For some, the football season will have already started, with pitches up and in use, some experiencing a flurry of pre-season friendlies, others may yet to be starting their season. Most of your pre-season work should have been finalised with your pitches looking, hopefully, at their best by now.
Of course, the weather this summer has thrown us a challenge, with large parts of the country awash after prolonged spells of rain, which for many clubs will have ensured the grass had plenty of moisture for growth, however, on more heavy soils, it may have led to problems of getting equipment on the pitch without causing damage.
Autumn traditionally sees the last opportunity to put some fertiliser down. The application of a good balanced feed, with perhaps a seaweed tonic, may help to fill your grass out, but bear in mind the need to apply it in line with your feeding programme. Don't be tempted to apply too much nitrogen, as you may find yourself struggling to keep up with the flush of grass growth.
A seaweed tonic will help your grass get over the stresses of the summer. If you managed to hold some of your seed back from your earlier renovations, then you can use it to help fill out the wear prone areas on your pitches. Bear in mind also that the window of opportunity for spraying a selective weed killer is nearing a close, and you will need to factor this in before the end of the month.
This is going to be the last opportunity to apply any selective weed killer, if you are still experiencing problem weeds (make sure you match the weeds you have to those stated on the label as providing good control).
An application of fertiliser beforehand, and in line with your fertliser programme, will help to ensure that the weeds respond well to any application of a selective weed killer. It may be a good idea for you to have another analysis done to see how your nutrient reserves are doing.
A soil analysis once a year is good practice, though some will carry out two, which cannot be argued with. Continue with your programme of wetting agents that will help you to manage an even soil moisture profile.
The addition of a liquid iron product will help to harden the grass against disease.
Make sure you have enough line marking material to hand and enough to get you through your season. Inspect your marker and ensure it is in good working order.
A clean transfer wheel marker is less likely to leave drips behind when lifted at the end of a line. Similarly, a well maintained spray line marker will give a better, even, crisp line without drips.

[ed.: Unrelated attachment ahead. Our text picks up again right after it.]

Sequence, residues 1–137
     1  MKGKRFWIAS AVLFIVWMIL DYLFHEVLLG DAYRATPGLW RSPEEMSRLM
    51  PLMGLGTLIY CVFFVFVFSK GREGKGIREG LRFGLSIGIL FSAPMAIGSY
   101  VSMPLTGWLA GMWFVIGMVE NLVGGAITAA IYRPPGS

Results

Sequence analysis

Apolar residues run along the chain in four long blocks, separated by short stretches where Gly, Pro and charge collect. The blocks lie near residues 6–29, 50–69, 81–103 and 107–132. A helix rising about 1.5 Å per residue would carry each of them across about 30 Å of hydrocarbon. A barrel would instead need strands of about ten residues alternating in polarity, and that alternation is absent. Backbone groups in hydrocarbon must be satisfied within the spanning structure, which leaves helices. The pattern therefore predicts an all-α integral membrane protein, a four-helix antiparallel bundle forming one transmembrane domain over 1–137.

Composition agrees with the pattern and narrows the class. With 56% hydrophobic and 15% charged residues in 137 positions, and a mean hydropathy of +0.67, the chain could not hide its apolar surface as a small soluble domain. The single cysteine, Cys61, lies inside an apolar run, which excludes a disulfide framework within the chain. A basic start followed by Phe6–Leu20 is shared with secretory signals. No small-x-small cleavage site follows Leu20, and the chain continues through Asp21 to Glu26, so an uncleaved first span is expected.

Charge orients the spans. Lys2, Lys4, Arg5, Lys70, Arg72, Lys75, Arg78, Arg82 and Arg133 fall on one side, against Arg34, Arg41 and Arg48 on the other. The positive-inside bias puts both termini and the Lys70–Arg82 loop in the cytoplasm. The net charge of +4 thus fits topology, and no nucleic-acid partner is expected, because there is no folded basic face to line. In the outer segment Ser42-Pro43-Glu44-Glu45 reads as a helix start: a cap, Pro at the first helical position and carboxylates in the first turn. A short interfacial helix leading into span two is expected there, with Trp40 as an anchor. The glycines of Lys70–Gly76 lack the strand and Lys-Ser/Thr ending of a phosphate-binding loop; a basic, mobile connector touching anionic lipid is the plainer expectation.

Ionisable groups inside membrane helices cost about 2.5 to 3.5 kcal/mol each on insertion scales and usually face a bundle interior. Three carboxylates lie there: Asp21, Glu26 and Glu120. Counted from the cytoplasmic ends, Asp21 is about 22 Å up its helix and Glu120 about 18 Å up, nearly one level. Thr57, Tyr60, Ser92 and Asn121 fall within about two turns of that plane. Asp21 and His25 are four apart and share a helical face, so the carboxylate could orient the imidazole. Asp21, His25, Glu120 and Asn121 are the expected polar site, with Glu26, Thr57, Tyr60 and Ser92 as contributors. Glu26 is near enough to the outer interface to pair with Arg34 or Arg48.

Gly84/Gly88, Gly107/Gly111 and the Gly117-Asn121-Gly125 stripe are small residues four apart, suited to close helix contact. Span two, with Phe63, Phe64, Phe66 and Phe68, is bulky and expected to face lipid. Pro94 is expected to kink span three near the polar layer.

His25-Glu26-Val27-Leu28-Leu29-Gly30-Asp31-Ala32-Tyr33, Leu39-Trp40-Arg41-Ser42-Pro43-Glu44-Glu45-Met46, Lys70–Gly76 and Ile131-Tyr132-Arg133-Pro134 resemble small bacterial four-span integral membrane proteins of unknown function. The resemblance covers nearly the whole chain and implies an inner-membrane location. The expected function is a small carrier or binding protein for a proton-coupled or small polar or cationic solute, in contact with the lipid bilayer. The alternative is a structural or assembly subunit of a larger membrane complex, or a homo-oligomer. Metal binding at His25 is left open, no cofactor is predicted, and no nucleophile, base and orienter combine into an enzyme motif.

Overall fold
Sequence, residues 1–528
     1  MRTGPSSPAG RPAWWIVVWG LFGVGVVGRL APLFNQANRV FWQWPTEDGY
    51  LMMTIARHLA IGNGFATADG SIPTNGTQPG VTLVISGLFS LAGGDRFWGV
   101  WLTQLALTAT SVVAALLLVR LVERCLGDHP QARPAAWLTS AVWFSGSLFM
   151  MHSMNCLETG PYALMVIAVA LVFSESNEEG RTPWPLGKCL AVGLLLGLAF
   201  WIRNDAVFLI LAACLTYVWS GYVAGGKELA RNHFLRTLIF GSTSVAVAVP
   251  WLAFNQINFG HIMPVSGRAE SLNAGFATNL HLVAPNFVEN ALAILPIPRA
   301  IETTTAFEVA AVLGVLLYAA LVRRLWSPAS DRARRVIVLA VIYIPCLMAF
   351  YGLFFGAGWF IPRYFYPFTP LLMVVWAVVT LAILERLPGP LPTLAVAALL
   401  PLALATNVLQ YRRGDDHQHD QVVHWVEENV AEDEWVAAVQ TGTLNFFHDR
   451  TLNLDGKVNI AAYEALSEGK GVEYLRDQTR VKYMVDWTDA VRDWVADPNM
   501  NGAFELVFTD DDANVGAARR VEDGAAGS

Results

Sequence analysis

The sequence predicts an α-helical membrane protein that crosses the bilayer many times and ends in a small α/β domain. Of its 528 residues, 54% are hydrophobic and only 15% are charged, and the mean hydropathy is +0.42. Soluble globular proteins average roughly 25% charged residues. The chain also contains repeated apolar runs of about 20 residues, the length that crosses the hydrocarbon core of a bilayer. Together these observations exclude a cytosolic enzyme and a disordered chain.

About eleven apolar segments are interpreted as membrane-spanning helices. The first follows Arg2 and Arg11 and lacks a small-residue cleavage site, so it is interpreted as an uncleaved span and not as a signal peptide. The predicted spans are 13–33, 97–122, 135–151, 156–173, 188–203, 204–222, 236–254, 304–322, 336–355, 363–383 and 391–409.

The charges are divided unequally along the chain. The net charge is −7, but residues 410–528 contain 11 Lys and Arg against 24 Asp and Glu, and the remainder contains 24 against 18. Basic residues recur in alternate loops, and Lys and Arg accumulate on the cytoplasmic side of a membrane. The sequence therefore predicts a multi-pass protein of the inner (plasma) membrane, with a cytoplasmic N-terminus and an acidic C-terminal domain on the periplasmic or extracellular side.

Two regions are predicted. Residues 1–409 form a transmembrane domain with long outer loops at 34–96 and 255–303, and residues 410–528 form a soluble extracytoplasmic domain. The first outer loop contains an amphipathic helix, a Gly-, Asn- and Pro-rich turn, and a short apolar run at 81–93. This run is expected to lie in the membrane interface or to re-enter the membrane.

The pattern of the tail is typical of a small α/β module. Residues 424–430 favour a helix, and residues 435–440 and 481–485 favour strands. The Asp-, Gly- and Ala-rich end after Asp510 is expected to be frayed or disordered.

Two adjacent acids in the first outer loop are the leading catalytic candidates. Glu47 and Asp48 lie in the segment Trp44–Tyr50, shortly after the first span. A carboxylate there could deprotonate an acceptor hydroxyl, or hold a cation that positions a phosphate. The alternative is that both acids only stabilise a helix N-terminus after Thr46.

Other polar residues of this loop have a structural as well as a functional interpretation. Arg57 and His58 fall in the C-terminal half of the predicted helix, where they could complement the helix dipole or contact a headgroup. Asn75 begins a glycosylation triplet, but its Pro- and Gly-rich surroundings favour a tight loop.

Keep an eye out for disease as the damp dewy mornings start to appear, and treat as soon as possible.
Keep your machinery in tip top condition. Grease where you find a grease nipple, oil where you see a metallic moving part, check the oil, check the water. If in doubt, consult the manufacturer's manual. Clean it when you've finished. All this may seem mundane, but will keep your mower going when you need it and save you money in costly down time.
Some of you will be on your final pitch preparations now, including setting out and initial marking. Always best at this stage to double check your measurements before committing to a white line, as this will show up badly if it is not straight and has to be corrected.
Take your time when marking out, as a rushed line will invariably wander. This can create a false impression, lowering the overall standard and vision of an otherwise perfect surface. An accurate line makes such a difference.
With the pitch prepared and in readiness for the start of the season, the final job is to set out and put in the pitch markings. It may be that there are already goal sockets in the ground which you have to marry up with, but for now we'll take it that you are starting from scratch.
It is important that you take care to get the measurements right when setting out. A few millimetres out at one end can lead to the pitch being a metre or more out of square at the far end. To do this, it is important that string lines are kept taught and that the right angles created are correctly formed.
So, to get the 90 degree right angle we fall back on Pythagoras, the Greek mathematician who discovered that to get a right angled triangle, the square distance of the two short sides would be equal to the square distance of the longer side. In other words a² + b² = c².
These days the equation is more commonly known as the 3:4:5 triangle and is the method that nearly all groundsmen use to set out a square or rectangle. The reason for this is that 3² + 4² = 5² or 9+16=25.
The great thing is that this equation works in multiples of those numbers and, for groundsmen, this is usually 30, 40 and 50 feet. You could also use 15, 20 and 25 metres. Remember that the bigger the triangle at the start, the more accurate the pitch will be.
Useful Information for Setting Out and Marking Out
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Check that your goal sockets are aligned with the goal line and the posts are upright. Correct this now to ensure a professional look, particularly with newly painted goal posts and nets ready to be put into place.
Try to keep casual play out of goalmouth areas. This can be easily achieved if you have a set of portable goals that can be moved around to different parts of your field or pitch. However, if you have socketed goals, then your task may be a little more difficult, requiring you to be pro-active in cordoning off the area when not in use.
Ensure you only buy approved goal posts from reputable suppliers.
Useful Information for Goal posts
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Cutting: Continue cutting regularly 25 -37mm to ensure good sward density. It may be helpful sometimes with newly sown grasses to lightly roll the surface before cutting. This will ensure that the young seedlings do not get pulled out. Also ensure that any cutting equipment used is keenly set to cut without tearing.
Dragmatting and brushing: Continue the work of brushing to keep the air circulating around the base of the plant, particularly important for removing early morning dew and controlling disease. This will also help to reinforce the presentation of the pitch.